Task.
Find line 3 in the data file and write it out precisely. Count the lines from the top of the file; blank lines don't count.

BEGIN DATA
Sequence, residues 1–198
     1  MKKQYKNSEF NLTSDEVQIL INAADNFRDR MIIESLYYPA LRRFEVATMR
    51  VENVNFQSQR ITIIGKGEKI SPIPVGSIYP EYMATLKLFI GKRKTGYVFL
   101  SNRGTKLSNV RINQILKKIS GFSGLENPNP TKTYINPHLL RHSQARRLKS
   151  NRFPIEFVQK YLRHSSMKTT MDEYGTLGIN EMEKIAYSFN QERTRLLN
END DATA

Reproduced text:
    51  VENVNFQSQR ITIIGKGEKI SPIPVGSIYP EYMATLKLFI GKRKTGYVFL